McCray v. Wal-Mart Stores, Inc., 050510 FED11, 09-11939
|Opinion Judge:||PER CURIAM.|
|Party Name:||NAOMI MCCRAY, Plaintiff-Appellant, v. WAL-MART STORES, INC., WAL-MART STORES EAST, L.P., Defendants-Appellees.|
|Judge Panel:||Before BLACK, CARNES and ANDERSON, Circuit Judges.|
|Case Date:||May 05, 2010|
|Court:||United States Courts of Appeals, Court of Appeals for the Eleventh Circuit|
DO NOT PUBLISH
Appeal from the United States District Court for the Middle District of Alabama D. C. Docket No. 06-01123-CV-S.
Naomi McCray, a black female, appeals pro se following the entry of final judgment in favor of Wal-Mart, her former employer, on her discrimination and retaliation claims under Title VII of the Civil Rights Act, 42 U.S.C. §§ 2000e-2(a), 3(a), and 42 U.S.C. §§ 1981, 1983. In her complaint, McCray alleged her termination was a result of racial discrimination and retaliation against her opposition to discrimination. McCray included a number of other allegations, including: discriminatory pay, discipline, training, and promotions; discriminatory and retaliatory scheduling; and a racially hostile work environment. We address the district court's grant of summary judgment against each of McCray's claims in turn.1 After review, we affirm the district court.
McCray contends the district court erred in granting summary judgment against her claims for discriminatory and retaliatory termination. We review a district courts' order granting summary judgment de novo, and view all of the facts in the record in the light most favorable to the non-moving party, drawing all inferences in her favor. Houston v. Williams, 547 F.3d 1357, 1361 (11th Cir. 2008). Summary judgment is proper "if the pleadings, the discovery and disclosure materials on file, and any affidavits show that there is no genuine issue as to any material fact and that the movant is entitled to judgment as a matter of law." Fed.R.Civ.P. 56(c)(2); Allmond v. Akal Sec., Inc., 558 F.3d 1312, 1316 (11th Cir. 2009), cert. denied, 130 S.Ct. 1139 (2010).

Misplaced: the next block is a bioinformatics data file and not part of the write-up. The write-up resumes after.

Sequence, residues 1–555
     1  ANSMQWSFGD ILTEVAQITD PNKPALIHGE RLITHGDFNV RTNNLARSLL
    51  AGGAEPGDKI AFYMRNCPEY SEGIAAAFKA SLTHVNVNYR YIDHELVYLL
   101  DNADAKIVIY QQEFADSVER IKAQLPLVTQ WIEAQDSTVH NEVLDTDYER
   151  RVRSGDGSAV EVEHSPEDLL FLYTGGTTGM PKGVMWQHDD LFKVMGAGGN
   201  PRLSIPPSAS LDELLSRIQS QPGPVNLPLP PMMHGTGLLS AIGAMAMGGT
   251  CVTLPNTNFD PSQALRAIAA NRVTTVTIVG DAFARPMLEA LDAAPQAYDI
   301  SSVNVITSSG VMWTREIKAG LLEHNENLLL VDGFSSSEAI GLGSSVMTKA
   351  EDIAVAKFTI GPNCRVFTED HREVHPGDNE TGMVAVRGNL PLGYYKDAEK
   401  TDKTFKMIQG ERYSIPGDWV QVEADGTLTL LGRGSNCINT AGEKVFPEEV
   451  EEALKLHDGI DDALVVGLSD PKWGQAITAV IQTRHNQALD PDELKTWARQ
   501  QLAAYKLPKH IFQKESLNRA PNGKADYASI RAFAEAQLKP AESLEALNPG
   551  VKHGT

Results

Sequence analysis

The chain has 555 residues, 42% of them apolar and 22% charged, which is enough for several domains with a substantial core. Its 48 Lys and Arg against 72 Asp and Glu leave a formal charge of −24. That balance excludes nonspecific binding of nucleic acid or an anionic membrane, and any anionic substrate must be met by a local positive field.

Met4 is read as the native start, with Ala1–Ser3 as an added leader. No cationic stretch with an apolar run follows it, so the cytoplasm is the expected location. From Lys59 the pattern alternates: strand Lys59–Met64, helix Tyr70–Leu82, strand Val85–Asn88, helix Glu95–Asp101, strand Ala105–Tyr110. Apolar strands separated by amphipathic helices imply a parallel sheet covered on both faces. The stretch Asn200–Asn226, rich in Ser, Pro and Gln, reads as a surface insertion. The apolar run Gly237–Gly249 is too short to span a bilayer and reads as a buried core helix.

Both § 1981 and Title VII "are subject to the same standards of proof and employ the same analytical framework." Bryant v. Jones, 575 F.3d 1281, 1296, n.20 (11th Cir. 2009). When a claim involves circumstantial evidence of discrimination, the district court analyzes the case using the burden-shifting framework set out in McDonnell Douglas Corp. v. Green, 93 S.Ct. 1817 (1973). Under McDonnell Douglas, the plaintiff bears the initial burden of presenting sufficient evidence to allow a reasonable jury to determine that he has satisfied the elements of his prima facie case. Id. at...
To continue readingFREE SIGN UP